In a nutshell, Travis is two things at the same time, and therefore neither of them: a man who is locked in isolation, loneliness and frustration, who thinks he wants to be normal, to assimilate, to be a person like other people-- yet the next moment is engaging in terribly unhealthy behavior which reinforces his isolation and insures he will stay right where he is.

He is a person addled with bad habits that cripple the quality of his life, and yet-- byproduct of an acute enough perception and perhaps a moral residue left from his upbringing-- recognizes precisely how dislocated his disposition and how poor his habits and therefore carries about within himself a guilty recognition of his sad state... which prompts a motivation forever carried about within him to try and change-- and which forever is crushed by the stronger impulses towards self destruction and bad habits. Which gives rise to immense frustration and destructive impulse-- perhaps even self-hatred.

If there's a psychological term for this disposition-- which is very urban, and very much a byproduct of lower-class economic white boy life-- is unknown to me. I'd simply call him A Mess.

But it's a phase a lot of young men dabble with when they become withdrawn and fall into a period of self-destruction which they're self-conscious enough to see for what it is, yet for a time lack the strength to break... and that lack of strength adds to the condition by giving rise to a frustration, which can then be displaced as the angry young man transfers responsibility for his condition to the world around him.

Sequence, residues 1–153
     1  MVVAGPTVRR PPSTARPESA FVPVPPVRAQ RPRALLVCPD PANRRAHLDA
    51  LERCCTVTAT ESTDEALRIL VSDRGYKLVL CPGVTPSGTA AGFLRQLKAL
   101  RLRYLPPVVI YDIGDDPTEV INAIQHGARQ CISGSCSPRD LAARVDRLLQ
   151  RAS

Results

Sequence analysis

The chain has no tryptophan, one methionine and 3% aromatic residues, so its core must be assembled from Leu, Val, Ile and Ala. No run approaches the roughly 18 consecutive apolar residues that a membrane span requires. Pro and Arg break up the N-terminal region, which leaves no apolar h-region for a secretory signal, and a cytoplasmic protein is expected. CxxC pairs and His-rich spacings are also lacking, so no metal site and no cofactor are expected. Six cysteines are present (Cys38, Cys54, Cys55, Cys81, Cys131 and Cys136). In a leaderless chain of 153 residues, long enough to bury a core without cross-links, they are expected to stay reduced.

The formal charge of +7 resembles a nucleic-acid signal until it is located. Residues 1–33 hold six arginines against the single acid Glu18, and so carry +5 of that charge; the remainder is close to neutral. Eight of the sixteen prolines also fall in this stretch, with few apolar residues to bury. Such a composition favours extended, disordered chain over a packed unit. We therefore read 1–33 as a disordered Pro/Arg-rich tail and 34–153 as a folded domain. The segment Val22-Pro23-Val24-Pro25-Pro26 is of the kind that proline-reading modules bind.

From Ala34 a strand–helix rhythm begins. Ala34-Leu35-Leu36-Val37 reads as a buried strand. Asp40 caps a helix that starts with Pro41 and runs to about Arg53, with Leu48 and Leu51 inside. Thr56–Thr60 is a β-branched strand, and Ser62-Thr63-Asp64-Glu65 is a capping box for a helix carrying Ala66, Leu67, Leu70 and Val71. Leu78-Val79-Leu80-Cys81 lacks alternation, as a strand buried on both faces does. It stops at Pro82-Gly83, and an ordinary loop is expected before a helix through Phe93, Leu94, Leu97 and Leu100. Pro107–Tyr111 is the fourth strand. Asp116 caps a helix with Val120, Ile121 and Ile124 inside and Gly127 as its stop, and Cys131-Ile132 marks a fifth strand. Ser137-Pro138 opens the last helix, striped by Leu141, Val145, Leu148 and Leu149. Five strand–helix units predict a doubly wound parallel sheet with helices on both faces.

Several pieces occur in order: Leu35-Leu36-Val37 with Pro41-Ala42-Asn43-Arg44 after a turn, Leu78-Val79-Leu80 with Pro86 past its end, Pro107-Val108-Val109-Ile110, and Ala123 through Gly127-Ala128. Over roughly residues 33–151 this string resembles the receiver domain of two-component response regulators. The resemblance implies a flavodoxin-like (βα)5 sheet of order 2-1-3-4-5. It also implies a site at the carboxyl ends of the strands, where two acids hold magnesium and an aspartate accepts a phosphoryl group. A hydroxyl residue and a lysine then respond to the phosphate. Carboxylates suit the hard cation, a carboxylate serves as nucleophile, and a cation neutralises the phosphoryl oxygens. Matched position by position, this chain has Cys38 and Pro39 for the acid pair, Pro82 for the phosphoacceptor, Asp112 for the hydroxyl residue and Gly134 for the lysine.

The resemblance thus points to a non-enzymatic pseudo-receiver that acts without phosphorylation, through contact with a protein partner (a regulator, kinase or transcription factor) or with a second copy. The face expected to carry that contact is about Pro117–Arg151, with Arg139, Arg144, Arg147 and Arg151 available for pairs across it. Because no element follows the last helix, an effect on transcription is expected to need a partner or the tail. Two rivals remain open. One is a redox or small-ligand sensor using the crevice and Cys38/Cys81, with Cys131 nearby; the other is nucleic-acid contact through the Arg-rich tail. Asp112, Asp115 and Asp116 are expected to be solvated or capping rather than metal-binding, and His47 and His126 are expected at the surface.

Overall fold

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Mr Sausage
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#57 Post by Mr Sausage » Thu Sep 25, 2008 12:41 pm

Gregory wrote: Anyone who could look around at all the people of a teeming city at night -- not just criminals but gays, people in drag, the homeless, hippies, people who hang out in seedy bars, and just about anyone else who falls outside of narrow and outdated social norms -- and reduce them all to garbage that needs to be flushed "down the fucking toilet," is what I would call a hater of humanity.
You would call him a hater of humanity, yet you could hardly argue that this specific cross-section of people represents the whole of humanity. Travis does not, if I recall, mention Night Life New York as a microcosm of the world. And he repeatedly attempts friendship and connection in a naive manner with random people around him (whom he hardly idealizes): the candy-counter girl at the porno theater, the cab-man at the beginning. Then there's why he goes to porno movies, which I don't think is necessarily a desire to wallow in filth. He stares at the screen, not with disgust, nor with arousal, but with perplexity, as tho' confused by the on-screen intimacy. I think he goes to porno movies because he's fascinated by the connection suggested by the on-screen physical intimacy, but just can't seem to understand how one achieves it. Granted, it's a poor place to be seeking tips on developing human connections, but this is merely one more instance of his waywardness.